A database of police disciplinary records? Buffalo's mayor says he's open to it

Jun 22, 2020

It's a policy New York City's mayor announced last week will be implemented in that city, the creation of a police discipline database. In Buffalo, Mayor Byron Brown was asked if he would consider a similar database.

New York State, among numerous police reforms passed and signed this month, has repealed Section 50-a, which kept police disciplinary records away from public review unless ordered by a court. Citizens seeking such information have had to file a Freedom of Information Law request, or FOIL, but that can often times prove to be a lengthy and frustrating process.

Buffalo Mayor Byron Brown, speaking in Buffalo's MLK Park on Friday.
Credit Michael Mroziak, WBFO

During a June 10 news conference, Brown said increased transparency will be a part of the city's police reforms. Late last week, he was asked if that may include a database like the one announced by New York Mayor Bill DeBlasio.

"No one has called for it at this point, but we're certainly open to it," he replied. "We're listening to all of the ideas that members of the community are bringing forward right now. It sounds like it could be a very good idea, so that that information does not have to be FOILed. It would be something that our law department would have to look at, but I'm certainly very open to it."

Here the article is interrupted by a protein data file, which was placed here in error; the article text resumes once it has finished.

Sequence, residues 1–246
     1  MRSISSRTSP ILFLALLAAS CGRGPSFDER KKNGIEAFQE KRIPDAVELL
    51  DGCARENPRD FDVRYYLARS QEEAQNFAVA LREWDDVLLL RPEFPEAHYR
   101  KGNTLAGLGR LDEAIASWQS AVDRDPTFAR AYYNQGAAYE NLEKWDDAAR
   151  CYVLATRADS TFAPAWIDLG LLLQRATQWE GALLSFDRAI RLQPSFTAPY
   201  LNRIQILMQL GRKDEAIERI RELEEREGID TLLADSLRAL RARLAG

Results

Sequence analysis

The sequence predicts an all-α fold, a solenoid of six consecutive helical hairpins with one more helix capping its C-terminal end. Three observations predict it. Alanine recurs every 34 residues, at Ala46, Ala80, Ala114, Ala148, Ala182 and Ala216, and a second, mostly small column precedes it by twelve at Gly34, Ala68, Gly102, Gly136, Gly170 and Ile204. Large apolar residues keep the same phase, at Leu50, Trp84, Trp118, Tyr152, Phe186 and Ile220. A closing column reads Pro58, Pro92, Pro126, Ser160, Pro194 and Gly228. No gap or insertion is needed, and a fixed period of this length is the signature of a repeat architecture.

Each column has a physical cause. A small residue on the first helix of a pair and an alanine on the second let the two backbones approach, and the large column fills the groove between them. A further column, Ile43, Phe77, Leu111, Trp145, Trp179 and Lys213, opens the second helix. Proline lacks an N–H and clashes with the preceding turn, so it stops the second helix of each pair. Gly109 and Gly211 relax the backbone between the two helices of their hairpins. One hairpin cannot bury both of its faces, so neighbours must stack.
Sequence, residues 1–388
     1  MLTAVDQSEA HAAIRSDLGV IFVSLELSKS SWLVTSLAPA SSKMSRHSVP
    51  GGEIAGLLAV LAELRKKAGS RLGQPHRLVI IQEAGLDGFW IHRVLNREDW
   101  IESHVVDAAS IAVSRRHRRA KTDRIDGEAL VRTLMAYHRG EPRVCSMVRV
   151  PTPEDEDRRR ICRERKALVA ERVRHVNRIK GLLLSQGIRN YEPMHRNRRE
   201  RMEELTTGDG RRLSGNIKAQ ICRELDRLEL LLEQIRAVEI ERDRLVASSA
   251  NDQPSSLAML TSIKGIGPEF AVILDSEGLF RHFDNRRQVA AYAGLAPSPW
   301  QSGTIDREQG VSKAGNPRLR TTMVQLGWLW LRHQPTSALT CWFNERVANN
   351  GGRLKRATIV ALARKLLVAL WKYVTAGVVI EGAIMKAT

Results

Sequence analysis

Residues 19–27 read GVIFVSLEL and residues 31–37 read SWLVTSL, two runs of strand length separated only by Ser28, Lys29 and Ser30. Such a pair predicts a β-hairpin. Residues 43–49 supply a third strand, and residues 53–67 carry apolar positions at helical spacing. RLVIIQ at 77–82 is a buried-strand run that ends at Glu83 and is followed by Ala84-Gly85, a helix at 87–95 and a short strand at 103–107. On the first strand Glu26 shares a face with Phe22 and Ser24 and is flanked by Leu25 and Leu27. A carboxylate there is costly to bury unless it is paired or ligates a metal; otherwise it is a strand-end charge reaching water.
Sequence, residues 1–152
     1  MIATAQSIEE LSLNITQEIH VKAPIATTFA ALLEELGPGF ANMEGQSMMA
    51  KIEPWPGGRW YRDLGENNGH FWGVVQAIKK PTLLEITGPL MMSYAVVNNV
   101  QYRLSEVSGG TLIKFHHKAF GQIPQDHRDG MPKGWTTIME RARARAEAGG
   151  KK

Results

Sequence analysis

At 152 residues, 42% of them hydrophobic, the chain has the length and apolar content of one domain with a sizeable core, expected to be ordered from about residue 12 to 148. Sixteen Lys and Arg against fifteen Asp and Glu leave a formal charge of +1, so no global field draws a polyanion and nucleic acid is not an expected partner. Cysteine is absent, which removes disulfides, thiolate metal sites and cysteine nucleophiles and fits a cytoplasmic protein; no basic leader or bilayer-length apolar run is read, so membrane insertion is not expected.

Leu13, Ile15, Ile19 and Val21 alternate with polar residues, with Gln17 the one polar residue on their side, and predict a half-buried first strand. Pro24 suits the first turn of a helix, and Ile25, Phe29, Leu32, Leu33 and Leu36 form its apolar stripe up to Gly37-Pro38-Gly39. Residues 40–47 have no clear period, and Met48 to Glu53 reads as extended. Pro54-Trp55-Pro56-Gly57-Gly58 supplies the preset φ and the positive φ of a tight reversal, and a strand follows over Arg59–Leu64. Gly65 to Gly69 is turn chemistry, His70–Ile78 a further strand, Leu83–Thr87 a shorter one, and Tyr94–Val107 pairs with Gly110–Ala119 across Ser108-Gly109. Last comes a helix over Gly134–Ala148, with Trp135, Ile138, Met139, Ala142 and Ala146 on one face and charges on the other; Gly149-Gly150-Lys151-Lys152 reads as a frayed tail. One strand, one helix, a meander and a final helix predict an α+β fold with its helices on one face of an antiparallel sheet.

Other questions regarding police transparency include the release of officer bodycam video. Such video has not been released from the June 4 incident involving the Buffalo Police encounter with activist Martin Gugino in Niagara Square. It's currently a criminal investigation.

But while the police bodycam video from the Gugino incident has not been released, police bodycam video of the fatal shooting of Rayshard Brooks in Atlanta has. One of the officers involved has since been fired and faces a felony murder charge in that case.

In Buffalo meanwhile, two officers are charged with felony assault in the push and fall of Gugino but are suspended without pay. Mayor Brown says legally, he could not fire them.

"In New York State, we don't have the ability like they did in Atlanta to automatically release body footage, given the laws of this state," the mayor said. "We also don't have the ability to automatically fire officers, given the laws of New York State. The laws in Georgia and the laws in New York State are different, that prevent us from doing some of the things that we've seen in other states."